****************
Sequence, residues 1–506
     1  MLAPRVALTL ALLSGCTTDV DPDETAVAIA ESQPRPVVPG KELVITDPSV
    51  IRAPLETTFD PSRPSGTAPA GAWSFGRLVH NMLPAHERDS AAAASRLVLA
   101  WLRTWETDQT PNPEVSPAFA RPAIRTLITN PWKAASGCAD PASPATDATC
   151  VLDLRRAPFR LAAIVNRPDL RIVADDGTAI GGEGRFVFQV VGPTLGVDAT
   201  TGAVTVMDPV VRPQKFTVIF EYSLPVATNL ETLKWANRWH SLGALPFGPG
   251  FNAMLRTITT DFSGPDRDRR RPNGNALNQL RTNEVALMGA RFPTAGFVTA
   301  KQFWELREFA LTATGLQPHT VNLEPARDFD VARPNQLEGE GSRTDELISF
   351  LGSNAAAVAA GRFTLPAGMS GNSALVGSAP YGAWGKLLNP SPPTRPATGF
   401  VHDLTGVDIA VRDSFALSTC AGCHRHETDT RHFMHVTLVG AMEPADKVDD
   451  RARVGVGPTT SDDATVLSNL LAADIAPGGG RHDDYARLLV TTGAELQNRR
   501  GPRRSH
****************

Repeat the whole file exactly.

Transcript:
Sequence, residues 1–506
     1  MLAPRVALTL ALLSGCTTDV DPDETAVAIA ESQPRPVVPG KELVITDPSV
    51  IRAPLETTFD PSRPSGTAPA GAWSFGRLVH NMLPAHERDS AAAASRLVLA
   101  WLRTWETDQT PNPEVSPAFA RPAIRTLITN PWKAASGCAD PASPATDATC
   151  VLDLRRAPFR LAAIVNRPDL RIVADDGTAI GGEGRFVFQV VGPTLGVDAT
   201  TGAVTVMDPV VRPQKFTVIF EYSLPVATNL ETLKWANRWH SLGALPFGPG
   251  FNAMLRTITT DFSGPDRDRR RPNGNALNQL RTNEVALMGA RFPTAGFVTA
   301  KQFWELREFA LTATGLQPHT VNLEPARDFD VARPNQLEGE GSRTDELISF
   351  LGSNAAAVAA GRFTLPAGMS GNSALVGSAP YGAWGKLLNP SPPTRPATGF
   401  VHDLTGVDIA VRDSFALSTC AGCHRHETDT RHFMHVTLVG AMEPADKVDD
   451  RARVGVGPTT SDDATVLSNL LAADIAPGGG RHDDYARLLV TTGAELQNRR
   501  GPRRSH